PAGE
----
Thanks. I read reports of dismal weather conditions, including some here by our resident expert, but hadn’t heard about turnout. I figured it wasn’t a case of only 30% bothered to vote, or that would have been the headline. But I wondered whether turnout hadn’t been unusually low anyway.

    I see it wasn’t.

  12. Lounsbury says:

    @drj: “But is it: “Don’t move too far to the left,” or “Don’t be wishy-washy about the central political issue (i.e. GOP lawlessness) of the day?” Or perhaps both?”

    Or maybe “Don’t mistake the Political Priorities of the Left Activist Talking Class” for those motivating the general electorate (as in the quoted supposed central issue).

    Of course it is 100% certain that special pleading will now start among the Left activists about how really there’s nothing challenging their ideas (I noticed TPM, Judis has an entertaining special pleading).

    @Doug Mataconis:
    Rather inherently unlikable outside of the party political activist base. Corbyn is very well liked by his Activist Base and appeals nicely to them with his hectoring, unwatered down Socialism Now.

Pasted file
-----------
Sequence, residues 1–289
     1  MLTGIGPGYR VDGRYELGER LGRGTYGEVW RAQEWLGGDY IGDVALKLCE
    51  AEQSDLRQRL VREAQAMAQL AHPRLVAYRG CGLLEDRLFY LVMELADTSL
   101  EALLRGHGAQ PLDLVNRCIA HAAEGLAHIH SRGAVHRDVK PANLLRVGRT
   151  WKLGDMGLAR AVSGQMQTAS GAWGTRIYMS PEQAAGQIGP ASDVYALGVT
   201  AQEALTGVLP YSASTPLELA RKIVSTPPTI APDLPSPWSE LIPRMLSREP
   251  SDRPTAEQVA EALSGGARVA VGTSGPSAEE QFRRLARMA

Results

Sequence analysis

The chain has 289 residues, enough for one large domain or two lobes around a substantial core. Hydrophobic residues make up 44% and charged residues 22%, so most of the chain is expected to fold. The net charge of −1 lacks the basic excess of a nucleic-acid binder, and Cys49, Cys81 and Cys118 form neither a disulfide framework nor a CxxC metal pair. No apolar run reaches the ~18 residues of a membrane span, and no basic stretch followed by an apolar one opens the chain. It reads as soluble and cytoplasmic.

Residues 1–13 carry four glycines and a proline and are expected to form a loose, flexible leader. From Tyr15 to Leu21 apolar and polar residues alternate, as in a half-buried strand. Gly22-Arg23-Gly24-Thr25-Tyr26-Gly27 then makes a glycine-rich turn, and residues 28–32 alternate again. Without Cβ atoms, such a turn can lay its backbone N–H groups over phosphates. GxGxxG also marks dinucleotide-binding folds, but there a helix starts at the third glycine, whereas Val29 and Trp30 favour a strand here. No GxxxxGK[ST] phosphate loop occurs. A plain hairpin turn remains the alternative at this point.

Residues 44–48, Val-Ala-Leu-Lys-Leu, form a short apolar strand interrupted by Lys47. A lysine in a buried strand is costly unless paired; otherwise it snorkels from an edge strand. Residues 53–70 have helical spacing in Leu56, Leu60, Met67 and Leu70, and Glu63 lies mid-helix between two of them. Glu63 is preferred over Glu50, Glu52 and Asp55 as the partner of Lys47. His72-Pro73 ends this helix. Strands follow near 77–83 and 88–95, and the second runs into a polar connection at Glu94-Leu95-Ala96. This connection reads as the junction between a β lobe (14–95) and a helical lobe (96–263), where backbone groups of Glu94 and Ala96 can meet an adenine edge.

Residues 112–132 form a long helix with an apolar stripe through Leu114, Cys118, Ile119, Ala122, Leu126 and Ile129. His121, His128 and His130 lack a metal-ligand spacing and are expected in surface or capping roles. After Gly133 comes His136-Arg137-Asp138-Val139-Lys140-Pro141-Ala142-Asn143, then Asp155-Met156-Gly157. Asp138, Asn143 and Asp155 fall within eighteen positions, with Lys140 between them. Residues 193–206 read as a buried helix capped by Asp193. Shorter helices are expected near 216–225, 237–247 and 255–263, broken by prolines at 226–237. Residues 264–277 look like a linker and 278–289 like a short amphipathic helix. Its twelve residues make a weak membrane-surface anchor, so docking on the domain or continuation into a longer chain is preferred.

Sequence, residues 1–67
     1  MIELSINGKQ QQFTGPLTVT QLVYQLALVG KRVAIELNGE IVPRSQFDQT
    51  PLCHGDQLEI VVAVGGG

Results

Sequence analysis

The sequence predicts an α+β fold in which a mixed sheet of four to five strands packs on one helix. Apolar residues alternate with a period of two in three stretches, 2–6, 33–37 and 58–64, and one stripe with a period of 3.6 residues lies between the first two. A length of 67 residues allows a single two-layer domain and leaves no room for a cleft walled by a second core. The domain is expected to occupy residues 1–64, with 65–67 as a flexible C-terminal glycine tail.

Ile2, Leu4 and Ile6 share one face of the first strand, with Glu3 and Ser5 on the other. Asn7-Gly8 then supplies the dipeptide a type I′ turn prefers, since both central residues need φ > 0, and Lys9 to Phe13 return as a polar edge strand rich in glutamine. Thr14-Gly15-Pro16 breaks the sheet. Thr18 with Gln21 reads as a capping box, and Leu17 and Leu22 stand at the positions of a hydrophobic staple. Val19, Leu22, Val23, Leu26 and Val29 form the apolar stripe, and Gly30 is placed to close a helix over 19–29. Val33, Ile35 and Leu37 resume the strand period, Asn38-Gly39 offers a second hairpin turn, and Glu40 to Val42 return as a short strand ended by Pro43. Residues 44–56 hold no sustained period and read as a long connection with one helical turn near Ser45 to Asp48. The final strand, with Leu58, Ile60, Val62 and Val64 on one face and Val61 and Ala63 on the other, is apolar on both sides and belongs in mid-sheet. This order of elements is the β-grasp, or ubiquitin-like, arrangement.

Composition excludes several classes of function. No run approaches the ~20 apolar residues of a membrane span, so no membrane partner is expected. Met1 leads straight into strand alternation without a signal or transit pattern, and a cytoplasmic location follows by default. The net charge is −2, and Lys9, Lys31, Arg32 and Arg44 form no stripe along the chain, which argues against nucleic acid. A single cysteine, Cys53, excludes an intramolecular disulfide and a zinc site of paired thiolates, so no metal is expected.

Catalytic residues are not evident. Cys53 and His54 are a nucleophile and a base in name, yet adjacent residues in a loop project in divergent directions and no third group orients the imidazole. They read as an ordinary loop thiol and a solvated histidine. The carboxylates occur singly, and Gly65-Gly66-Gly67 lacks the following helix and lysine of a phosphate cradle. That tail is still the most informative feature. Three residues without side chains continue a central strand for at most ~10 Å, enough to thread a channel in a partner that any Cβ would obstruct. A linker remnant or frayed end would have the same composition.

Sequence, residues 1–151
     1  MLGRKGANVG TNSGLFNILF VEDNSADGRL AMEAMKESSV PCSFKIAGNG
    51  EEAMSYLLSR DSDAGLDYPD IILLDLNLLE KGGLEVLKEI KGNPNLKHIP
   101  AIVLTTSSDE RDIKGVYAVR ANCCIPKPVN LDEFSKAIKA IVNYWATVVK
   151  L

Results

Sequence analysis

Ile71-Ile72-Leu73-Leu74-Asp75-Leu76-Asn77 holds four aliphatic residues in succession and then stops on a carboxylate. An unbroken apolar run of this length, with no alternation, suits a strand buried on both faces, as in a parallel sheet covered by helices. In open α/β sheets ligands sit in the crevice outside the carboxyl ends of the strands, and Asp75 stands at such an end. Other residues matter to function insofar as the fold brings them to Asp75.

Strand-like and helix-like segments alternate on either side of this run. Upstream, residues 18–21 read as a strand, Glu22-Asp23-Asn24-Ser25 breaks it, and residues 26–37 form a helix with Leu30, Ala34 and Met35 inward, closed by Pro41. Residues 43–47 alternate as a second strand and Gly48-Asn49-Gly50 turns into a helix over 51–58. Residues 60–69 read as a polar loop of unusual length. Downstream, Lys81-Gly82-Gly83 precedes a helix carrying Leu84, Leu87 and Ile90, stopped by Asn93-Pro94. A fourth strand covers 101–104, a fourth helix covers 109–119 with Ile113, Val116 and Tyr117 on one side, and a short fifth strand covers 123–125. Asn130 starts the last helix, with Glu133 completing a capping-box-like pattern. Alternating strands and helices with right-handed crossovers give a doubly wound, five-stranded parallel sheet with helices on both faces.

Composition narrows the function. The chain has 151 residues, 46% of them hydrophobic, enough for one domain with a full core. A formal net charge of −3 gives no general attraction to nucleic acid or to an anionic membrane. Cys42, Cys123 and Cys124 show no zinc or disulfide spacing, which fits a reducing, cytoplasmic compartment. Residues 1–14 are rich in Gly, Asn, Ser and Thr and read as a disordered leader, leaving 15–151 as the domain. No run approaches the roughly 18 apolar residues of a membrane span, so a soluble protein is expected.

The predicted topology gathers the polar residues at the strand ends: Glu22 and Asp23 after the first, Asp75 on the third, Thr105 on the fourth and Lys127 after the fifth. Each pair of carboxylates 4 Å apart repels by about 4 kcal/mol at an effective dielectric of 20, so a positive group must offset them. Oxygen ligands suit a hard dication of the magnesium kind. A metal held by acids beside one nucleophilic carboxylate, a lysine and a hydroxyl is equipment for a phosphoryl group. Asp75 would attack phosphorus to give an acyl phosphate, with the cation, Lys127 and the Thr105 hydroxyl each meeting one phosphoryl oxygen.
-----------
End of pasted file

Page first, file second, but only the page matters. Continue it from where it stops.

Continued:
The critical parallels to a certain American contender are well founded.

    @Hal_10000: Yes, BJ is not at all Trump. The comparison is superficial and ill-founded. Not that I am personally a fan of Boris, but it is a gross error to think they are really actually all that similar beyond some superficial showmanship aspects.

  13. grumpy realist says:

    @Kathy: The consensus seems to be that it wasn’t so much a pro-Tory vote as it was an anti-Labour vote. Also (forget where I saw it) it looks like the Labour vote was impeded by the weather while the Tory vote wasn’t.

    This really will be a case of the dog chasing the car who has managed to catch it…and how has a huge load of question marks over his head. Think that we’re now over the hump, Brexit-wise? Ha! Even if the U.K. “gets out” at the end of January, the situation just mutates into a much more difficult situation. Boris is going to discover the hard way that his blustering and lying isn’t going to help him worth beans because now the horse-trading isn’t just going on among the U.K. political parties–a FTA will have to have everything signed off on by the other governments of the EU–all of which now have individual vetoes and have no reason to be nice to Johnson.